Figure 3. Schematic presentation of the potential connection between the increase in ROS production during dives and an increase of expression or activation of sirtuins, along with many age-related diseases linked to the activity of sirtuins.
Cardiovascular response to scuba diving
During the scuba dive, divers are exposed to numerous factors which may affect haemodynamics and CV function. The mechanisms of CV adaptation during a dive are still unclear, but diving-induced oxidative stress and increase in SIRTs expression could be an important factor. Animal model studies have shown significant increase in SIRT1 and SIRT3 expressions in the heart during stress conditions (54,55) as well as an increase in SIRT1 protein levels in vascular endothelial cells after acute exercise and caloric restriction (56,57). It can be assumed that scuba diving could also induce expression of SIRTs and hence inhibit undesirable CV stress effects.
SIRT1 and SIRT3 protect cardiomyocytes via increase of CAT and SOD2 expression (54,58), but also SIRT1 suppresses inflammatory processes in the heart (59), whilst SIRT3 has an important role in the regulation of cardiac energy metabolism (42). Therefore, SIRTs and their effects provide the mechanisms for cardiac adaption to the stress conditions. Additionally, SIRT1 plays a critical role in regulation of vascular/endothelial homeostasis and remodelling (60); it stimulates angiogenic activity of endothelial cells (61) and stimulates eNOS activity which leads to an increase of nitric oxide (NO) production (31). This indicates that SIRT1 could be an important regulator of the vascular response to scuba diving.
However, whether induced SIRTs expression can have a lasting effect in CV protection, thus representing a prevention of the upcoming harmful effects is still unclear. It should also be taken in consideration that SIRTs through their multiple targets stimulate or suppress many other important CV processes. Although the significant efforts have been invested in identification of mechanisms and agents which could induce the expression and activation of SIRTs, many signalling pathways still remain to be discovered.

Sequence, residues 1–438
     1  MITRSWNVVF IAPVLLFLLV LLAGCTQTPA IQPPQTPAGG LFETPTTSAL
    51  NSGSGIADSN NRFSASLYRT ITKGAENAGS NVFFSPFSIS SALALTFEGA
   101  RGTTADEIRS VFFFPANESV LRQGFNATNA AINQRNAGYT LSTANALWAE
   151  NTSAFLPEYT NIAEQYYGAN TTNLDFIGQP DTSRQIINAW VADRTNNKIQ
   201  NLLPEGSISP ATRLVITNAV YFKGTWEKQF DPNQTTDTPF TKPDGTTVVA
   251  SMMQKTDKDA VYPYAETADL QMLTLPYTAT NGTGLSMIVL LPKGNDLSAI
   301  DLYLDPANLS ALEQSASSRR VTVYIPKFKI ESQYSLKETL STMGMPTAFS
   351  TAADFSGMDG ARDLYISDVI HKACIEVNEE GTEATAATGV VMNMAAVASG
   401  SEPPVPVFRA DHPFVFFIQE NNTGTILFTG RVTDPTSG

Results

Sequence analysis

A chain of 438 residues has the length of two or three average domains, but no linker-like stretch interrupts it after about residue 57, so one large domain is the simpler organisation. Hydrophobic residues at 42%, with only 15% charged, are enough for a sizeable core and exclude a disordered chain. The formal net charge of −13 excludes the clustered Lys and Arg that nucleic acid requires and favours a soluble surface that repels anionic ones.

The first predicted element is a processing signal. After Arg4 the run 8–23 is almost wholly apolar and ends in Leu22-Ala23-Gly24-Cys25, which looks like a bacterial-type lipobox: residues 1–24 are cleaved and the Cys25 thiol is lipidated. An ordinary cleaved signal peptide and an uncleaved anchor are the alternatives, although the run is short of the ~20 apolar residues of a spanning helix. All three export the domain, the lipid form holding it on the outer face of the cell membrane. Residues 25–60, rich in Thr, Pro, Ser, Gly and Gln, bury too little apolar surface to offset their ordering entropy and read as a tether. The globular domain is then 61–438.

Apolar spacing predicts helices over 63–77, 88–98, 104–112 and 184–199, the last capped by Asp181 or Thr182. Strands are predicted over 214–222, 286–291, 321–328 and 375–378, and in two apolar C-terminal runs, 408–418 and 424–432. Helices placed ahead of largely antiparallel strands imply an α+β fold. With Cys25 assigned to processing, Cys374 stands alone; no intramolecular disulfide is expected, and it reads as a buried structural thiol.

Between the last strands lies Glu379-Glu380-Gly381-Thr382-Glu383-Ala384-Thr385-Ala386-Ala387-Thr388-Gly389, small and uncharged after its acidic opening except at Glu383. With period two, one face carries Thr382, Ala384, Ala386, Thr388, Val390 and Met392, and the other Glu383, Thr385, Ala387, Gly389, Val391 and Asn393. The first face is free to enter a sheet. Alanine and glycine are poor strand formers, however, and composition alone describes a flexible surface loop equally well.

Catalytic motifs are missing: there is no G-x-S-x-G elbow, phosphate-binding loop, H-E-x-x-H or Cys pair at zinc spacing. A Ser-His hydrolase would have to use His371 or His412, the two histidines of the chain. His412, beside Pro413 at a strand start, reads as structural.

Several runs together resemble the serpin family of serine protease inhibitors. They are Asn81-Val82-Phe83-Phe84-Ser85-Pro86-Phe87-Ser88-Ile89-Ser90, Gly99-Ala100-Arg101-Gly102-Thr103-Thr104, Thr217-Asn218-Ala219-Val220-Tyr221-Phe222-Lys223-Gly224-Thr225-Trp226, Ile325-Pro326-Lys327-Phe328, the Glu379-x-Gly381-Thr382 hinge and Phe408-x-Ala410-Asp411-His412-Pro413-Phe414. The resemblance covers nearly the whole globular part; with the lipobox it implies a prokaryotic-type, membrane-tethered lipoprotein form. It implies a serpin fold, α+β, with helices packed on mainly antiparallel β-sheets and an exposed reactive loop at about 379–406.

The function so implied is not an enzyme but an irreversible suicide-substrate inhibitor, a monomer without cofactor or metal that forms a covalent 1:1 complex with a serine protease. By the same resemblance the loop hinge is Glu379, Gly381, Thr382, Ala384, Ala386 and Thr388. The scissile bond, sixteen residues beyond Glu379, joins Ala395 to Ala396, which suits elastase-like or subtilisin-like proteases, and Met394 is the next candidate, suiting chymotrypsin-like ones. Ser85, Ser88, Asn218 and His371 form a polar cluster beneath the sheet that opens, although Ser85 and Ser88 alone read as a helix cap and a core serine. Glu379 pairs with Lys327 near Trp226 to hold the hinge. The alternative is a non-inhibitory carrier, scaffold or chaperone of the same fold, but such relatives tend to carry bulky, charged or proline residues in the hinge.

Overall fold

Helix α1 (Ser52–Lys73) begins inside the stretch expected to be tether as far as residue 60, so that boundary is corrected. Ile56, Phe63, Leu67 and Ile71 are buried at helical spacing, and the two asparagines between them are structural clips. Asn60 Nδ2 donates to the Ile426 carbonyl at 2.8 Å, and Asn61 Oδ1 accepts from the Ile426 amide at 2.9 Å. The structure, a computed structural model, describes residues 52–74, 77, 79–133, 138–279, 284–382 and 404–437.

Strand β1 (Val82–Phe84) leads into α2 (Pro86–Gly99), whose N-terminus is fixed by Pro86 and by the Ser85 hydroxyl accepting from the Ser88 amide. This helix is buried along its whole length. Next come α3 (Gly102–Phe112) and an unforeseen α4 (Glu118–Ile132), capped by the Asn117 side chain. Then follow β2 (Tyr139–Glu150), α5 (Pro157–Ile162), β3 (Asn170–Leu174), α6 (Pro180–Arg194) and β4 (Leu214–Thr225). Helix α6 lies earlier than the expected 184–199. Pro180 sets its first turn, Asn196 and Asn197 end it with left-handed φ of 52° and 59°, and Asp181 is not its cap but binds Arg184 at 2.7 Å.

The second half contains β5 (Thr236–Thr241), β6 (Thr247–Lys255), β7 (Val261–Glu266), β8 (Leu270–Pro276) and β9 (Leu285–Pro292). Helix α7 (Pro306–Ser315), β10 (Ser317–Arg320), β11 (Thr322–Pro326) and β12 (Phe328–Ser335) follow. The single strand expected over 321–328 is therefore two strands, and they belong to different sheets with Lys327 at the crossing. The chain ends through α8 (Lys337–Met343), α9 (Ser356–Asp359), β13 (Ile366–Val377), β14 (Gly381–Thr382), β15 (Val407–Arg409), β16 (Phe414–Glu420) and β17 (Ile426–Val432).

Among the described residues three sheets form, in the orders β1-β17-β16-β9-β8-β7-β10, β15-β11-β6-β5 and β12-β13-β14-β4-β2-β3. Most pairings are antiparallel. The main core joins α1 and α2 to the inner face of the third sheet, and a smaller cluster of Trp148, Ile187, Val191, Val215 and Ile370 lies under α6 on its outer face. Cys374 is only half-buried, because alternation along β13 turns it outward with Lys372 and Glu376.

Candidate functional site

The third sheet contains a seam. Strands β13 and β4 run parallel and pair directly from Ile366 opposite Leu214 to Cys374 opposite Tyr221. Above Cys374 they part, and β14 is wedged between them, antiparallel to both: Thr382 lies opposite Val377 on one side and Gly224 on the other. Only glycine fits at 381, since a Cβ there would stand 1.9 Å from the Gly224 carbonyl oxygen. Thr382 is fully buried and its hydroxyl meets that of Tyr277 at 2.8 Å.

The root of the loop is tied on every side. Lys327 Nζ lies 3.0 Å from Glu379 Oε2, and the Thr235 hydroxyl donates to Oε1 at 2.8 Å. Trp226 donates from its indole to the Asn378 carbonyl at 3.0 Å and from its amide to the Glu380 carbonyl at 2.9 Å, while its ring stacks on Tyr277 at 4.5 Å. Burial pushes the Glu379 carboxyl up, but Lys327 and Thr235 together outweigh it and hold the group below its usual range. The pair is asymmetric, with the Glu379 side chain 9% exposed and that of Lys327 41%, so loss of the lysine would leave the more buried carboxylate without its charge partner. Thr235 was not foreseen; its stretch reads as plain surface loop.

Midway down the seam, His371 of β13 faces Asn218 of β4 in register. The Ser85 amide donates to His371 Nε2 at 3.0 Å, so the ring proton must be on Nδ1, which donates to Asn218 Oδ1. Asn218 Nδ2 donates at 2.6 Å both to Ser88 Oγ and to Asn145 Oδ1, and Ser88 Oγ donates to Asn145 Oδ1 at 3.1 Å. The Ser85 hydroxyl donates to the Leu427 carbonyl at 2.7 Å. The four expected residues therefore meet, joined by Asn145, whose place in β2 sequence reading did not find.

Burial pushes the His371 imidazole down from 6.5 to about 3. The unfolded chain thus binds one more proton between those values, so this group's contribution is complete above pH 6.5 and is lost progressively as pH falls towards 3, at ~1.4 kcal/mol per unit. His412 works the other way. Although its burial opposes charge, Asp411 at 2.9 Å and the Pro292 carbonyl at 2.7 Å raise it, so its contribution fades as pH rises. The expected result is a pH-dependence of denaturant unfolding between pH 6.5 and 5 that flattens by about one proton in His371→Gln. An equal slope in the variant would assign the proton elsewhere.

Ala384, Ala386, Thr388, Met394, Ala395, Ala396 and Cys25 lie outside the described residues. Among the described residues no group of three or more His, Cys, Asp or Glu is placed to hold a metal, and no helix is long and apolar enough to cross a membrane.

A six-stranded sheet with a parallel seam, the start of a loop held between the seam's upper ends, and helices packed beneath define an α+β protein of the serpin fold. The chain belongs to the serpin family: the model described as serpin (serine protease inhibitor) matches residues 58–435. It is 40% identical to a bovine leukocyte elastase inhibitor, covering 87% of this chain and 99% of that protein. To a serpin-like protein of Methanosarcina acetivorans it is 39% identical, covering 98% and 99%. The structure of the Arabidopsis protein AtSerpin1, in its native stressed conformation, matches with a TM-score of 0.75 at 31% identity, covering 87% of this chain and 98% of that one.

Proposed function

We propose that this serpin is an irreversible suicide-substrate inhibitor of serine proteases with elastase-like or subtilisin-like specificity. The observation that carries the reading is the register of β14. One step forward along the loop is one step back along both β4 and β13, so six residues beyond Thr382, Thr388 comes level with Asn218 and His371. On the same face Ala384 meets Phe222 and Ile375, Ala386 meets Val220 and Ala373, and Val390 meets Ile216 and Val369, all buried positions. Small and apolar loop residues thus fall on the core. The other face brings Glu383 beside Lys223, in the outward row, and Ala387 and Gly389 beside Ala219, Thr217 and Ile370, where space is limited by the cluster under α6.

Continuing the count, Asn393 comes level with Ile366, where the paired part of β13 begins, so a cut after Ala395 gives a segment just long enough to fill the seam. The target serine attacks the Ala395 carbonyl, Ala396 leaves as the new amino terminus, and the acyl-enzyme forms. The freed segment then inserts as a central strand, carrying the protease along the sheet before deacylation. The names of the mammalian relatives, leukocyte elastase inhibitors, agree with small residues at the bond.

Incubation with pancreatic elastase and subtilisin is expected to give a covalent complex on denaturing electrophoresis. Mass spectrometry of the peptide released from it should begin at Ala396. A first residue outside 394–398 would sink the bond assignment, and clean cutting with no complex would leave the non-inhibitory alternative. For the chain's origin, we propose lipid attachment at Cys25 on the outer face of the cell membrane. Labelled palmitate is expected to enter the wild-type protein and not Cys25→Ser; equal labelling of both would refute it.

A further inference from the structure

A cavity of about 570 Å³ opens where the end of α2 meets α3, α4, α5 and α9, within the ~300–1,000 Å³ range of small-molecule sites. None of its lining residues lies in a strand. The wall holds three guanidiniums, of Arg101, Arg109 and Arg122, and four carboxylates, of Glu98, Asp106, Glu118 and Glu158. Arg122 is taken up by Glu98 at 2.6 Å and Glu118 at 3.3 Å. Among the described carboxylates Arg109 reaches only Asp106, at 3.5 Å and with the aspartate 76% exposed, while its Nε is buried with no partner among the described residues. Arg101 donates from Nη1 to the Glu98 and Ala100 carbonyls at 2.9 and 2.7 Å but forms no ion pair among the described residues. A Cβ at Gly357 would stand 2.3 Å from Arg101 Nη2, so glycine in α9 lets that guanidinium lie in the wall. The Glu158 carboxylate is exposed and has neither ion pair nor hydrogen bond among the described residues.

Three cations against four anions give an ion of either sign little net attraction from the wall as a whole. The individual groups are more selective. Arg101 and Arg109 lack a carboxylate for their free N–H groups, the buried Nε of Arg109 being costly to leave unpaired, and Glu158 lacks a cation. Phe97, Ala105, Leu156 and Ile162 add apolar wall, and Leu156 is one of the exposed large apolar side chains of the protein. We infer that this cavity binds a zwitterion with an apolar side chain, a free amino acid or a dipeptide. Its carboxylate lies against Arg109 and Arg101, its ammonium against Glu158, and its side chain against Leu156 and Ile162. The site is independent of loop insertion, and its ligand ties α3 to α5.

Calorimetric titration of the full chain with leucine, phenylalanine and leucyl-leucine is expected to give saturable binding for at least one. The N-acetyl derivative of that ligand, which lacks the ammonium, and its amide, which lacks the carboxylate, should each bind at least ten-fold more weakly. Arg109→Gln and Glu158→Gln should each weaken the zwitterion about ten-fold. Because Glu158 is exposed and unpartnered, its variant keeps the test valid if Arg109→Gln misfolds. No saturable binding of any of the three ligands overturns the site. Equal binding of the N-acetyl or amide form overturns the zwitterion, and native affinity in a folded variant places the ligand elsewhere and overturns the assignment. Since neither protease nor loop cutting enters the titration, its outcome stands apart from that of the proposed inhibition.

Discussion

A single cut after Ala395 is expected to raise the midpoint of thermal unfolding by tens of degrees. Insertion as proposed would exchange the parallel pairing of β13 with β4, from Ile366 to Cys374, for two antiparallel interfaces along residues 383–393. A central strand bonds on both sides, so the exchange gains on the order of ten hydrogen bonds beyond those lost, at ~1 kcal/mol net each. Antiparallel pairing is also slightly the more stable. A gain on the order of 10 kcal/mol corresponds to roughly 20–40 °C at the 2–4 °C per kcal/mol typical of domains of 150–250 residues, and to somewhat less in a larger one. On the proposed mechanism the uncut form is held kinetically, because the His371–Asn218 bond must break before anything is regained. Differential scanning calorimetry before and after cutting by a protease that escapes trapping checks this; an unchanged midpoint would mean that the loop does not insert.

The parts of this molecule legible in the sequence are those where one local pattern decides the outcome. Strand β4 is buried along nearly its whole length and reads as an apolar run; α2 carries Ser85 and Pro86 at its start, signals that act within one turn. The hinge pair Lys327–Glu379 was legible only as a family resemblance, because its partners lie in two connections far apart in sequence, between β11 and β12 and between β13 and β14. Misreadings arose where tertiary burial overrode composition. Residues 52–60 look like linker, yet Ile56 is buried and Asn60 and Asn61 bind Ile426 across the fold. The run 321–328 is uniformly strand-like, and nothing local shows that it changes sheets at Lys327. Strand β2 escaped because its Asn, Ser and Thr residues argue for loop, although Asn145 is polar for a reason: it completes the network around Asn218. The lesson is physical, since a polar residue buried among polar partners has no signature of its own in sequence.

Changes in the CV function have been observed after the dive, and many of these changes accompany other types of exercises either for recreational or professional sports. Studies on divers have reported that one single dive as well as successive dives induces alterations in vascular/endothelial function (assessed by imaging tests) (9,14,62). However, it is unclear to what extent these changes in divers are similar or different to the changes in vascular endothelial functions observed in other professional or recreational athletes. (63). Recent studies have shown an increase in NO production (assessed by plasma nitrite levels) 3 hours after diving (7,8) and decrease in plasma endothelin-1 (ET-1) concentration immediately and 3 hours after diving, whilst vascular endothelial growth factor (VEGF) concentration increased after diving and returned to initial values 3 hours after diving (8). VEGF is a major contributor to the angiogenesis and up-regulation of VEGF is an important component of the physiological response to exercise. Increase of NO, as a major vasodilator and reduction of ET-1, a powerful vasoconstrictor, has positive effects on the CV system. Therefore, these data indicate protective effects of scuba diving on vascular disorders in whose background are possible SIRTs. On the other hand, two other studies found no difference in levels of plasma nitrite (14) and plasma ET-1 (64) before and after successive dives. The possible causes of the observed discrepancies are differences between the study design and differences between the used tests.
In addition to the aforementioned asymptomatic changes of cardiovascular function, several studies have shown an increase in levels of B-type natriuretic peptide (BNP) and N-terminal proB-type natriuretic peptide (NT-proBNP) after diving (65-67). It is important to mention that a significant increase in BNP or proBNP after exposure to HBO (68) and simulated diving (69), and also even after studying the effects of immersion (70) and exposure to cold (71) was not observed. Considering these data and the fact that numerous studies have shown an increase of BNP levels after exercise (72-76), it is evident that physical activity plays an important role in BNP increase after diving.